Slow Starts Part of the Game

3B Brett Lawrie and CF Colby Rasmus are not hitting their weight … and neither is 1B Edwin Encarnacion — early-season slumps are part of the mystery of the game, according to Blue Jays manager John Gibbons

3B Brett Lawrie and CF Colby Rasmus are not hitting their weight … and neither is 1B Edwin Encarnacion — early-season slumps are part of the mystery of the game, according to Blue Jays manager John Gibbons

Blue Jays manager John Gibbons says he can’t explain why key players in his lineup haven’t been producing so far this season.

Eight games into the 2014 campaign, Colby Rasmus and Brett Lawrie are hitting .074 and .103, respectively after Tuesday’s win against the Houston Astros at the Rogers Centre.

Slugger Edwin Encarnacion, who had 36 home runs and 104 RBIs last season, has zeros in both of those offensive categories through 29 at-bats, with an average slightly above the Mendoza line at .207.

Gibbons, however, says he’s not worrying about the lack of production just yet.

“You look around baseball and there’s a lot of slow starts,” the Toronto skipper said prior to Tuesday’s game against the Astros. “You never know what’s going to happen. You can have a good spring training and struggle out of the gate, you could do nothing in spring training and come out to a good start.

“That’s just the mystery of baseball. No one knows why and you just deal with it.”

Hoping to spark some offence against a weak Astros team, Gibbons reshuffled his batting order Tuesday, bringing Adam Lind up to the two-spot and knocking Rasmus down to seventh.

Both left-handed hitters facing a left-handed starter in Brett Oberholtzer, Lind came into Tuesday’s game 4-for-13 with two doubles and a home run.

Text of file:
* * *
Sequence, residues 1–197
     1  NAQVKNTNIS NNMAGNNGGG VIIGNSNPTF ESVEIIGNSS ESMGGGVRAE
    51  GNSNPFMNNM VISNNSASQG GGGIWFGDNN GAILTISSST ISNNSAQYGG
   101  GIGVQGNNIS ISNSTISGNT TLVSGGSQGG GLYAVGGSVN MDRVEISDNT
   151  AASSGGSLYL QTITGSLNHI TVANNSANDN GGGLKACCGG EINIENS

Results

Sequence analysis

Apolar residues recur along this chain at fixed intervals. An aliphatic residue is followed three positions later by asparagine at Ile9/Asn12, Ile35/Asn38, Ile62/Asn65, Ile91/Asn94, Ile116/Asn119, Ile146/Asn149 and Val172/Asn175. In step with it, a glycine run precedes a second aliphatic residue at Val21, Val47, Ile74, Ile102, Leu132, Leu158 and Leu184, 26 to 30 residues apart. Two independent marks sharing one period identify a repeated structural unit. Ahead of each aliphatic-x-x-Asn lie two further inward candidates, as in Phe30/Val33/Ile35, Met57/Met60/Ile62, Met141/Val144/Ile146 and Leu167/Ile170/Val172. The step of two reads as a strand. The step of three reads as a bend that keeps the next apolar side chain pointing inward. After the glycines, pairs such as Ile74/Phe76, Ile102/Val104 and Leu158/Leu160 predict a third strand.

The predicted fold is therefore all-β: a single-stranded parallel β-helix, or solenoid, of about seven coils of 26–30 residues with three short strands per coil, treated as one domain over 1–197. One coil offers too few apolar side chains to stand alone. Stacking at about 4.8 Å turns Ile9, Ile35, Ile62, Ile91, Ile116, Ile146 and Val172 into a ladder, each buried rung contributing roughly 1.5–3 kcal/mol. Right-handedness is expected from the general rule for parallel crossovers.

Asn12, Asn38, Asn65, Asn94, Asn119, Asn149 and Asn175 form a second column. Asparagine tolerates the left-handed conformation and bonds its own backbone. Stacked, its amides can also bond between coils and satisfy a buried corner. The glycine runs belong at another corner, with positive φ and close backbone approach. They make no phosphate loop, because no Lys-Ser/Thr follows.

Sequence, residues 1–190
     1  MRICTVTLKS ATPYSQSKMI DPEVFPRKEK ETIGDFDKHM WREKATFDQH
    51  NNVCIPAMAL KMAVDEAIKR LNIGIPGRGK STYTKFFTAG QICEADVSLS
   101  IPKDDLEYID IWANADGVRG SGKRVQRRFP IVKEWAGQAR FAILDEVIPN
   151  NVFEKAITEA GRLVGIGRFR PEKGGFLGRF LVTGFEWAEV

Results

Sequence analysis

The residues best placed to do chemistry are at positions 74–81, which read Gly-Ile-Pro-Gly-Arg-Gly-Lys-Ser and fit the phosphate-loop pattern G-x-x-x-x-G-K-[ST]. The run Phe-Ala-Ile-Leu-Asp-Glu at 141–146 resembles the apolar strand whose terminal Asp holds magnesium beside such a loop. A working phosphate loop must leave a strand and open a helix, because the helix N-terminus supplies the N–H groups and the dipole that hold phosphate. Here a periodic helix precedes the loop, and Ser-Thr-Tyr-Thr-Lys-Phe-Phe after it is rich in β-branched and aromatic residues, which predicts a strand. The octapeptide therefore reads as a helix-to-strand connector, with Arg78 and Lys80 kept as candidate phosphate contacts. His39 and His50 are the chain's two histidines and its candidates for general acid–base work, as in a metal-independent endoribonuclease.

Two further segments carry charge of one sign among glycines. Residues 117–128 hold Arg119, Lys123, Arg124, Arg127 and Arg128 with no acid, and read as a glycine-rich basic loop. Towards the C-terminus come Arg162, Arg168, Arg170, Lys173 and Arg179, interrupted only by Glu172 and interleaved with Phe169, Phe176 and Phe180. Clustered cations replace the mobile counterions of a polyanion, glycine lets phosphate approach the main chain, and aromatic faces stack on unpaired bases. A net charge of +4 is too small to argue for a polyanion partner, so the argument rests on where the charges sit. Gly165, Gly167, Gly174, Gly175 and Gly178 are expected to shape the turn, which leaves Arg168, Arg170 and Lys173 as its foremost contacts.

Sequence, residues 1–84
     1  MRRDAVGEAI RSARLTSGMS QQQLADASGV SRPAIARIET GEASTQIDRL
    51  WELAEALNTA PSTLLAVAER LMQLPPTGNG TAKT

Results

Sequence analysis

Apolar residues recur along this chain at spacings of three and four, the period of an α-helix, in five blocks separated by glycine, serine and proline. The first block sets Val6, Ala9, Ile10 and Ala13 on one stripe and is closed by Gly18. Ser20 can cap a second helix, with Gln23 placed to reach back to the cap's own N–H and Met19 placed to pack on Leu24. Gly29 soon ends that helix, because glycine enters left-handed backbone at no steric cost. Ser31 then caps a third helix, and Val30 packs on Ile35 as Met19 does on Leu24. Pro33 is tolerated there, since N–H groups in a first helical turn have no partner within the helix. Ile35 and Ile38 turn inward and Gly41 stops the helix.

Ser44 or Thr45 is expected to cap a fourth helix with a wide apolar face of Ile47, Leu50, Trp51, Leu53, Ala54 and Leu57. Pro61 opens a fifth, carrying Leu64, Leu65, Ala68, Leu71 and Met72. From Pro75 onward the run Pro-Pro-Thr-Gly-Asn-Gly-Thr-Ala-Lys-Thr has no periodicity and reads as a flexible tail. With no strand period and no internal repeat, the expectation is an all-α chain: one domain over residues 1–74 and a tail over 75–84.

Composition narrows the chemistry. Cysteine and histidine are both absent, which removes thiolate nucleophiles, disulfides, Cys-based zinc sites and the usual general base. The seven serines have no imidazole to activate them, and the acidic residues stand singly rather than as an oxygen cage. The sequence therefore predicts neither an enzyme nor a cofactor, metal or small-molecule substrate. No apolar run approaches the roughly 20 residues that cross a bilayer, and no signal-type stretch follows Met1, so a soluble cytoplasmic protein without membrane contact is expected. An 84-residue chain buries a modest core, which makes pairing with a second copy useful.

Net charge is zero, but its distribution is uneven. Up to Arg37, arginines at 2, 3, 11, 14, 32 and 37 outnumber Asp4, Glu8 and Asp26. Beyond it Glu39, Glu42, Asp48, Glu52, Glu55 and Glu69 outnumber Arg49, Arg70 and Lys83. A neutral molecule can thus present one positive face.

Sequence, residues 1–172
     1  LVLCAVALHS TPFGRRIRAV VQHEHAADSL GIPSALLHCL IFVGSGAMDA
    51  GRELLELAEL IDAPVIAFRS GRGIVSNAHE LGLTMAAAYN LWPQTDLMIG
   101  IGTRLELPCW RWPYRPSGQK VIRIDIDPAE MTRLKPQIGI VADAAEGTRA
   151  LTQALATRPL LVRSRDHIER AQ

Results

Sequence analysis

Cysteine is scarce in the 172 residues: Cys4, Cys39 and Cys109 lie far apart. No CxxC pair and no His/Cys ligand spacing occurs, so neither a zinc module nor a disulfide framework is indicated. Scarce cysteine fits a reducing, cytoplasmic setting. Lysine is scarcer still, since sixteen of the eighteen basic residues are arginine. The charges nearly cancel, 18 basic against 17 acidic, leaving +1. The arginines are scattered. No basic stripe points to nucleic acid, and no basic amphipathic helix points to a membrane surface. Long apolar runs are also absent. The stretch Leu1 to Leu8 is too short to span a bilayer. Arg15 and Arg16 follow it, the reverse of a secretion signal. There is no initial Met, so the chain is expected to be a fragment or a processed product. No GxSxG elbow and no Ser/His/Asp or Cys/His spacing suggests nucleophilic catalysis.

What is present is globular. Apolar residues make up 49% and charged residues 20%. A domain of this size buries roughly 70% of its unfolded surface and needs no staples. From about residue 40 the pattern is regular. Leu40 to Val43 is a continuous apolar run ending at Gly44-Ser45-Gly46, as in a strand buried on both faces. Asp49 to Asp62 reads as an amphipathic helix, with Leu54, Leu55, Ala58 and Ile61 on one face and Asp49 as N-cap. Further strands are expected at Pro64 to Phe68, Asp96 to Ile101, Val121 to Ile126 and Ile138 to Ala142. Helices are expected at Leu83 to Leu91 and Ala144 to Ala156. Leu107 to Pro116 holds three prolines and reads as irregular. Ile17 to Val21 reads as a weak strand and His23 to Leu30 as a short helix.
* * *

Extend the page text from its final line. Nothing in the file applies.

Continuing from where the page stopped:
“Colby’s not producing much yet so we put Lindy up there,” Gibbons said. “Get him on base for those other guys. We’ll try it. We’ll see how the day goes.”

Both hitters were 0-for-4 with two strikeouts in the Jays’ 5-2 win. But as Gibbons sees it, tomorrow’s another day.

“You gotta figure they’re going to hit, they always have,” Gibbons said. “Maybe tonight’s the night, and if not, maybe tomorrow’s the night.”



Closer Casey Janssen says he probably won’t be ready for live game action by Apr. 16, when he’s eligible to come off the disabled list.

The 32-year-old right-handed pitcher has been hampered by an abdominal strain since the end of spring training. He was placed on the 15-day DL Apr. 1.

“I feel like it could be gone but you don’t know because you don’t want to reaggravate it,” said Janssen, who’s scheduled to throw a side session on Wednesday. “It’s kind of like a hamstring or something else, you don’t know until you really test it, but if you test it too much you could have a setback and right now we’re trying to go forward as opposed to pushing a little too much.”

Janssen racked up a career-high 34 saves last season. He expects to get “one or two” rehab assignments before coming back to the Blue Jays bullpen.

_ Jose Reyes is also taking steps in the right direction, slowly testing out his hamstring by running on the treadmill and fielding ground balls.

“I’ll know better when I start running,” said Reyes, who isn’t sure when he’ll be back off the disabled list. “I’ll see how I feel, but for now I’m just going to take it day-by-day.”


NOTES: Gibbons also reshuffled his starting rotation, penciling in R.A. Dickey to start the third game of the Astros series (Thursday). The Jays manager said the move was focused on splitting up Brandon Morrow and Dustin McGowan. “They’re the two guys we’re watching a little bit. You put Dickey in the middle and he can eat up some innings.” Gibbons says the move had nothing to do with McGowan’s first start of the season last Friday, when the righty gave up four runs on 2 2/3 innings. ... Dave Trembley, bench coach for the Astros, has a Canadian connection — he played for the Kingston Ponies in 1974. ... Encarnacion is five home runs shy of 200 for his career. The Blue Jays DH/first baseman needs one home run to tie Fred McGriff for 10th on the all-time club list.



My most memorable game:  [sergio-santos]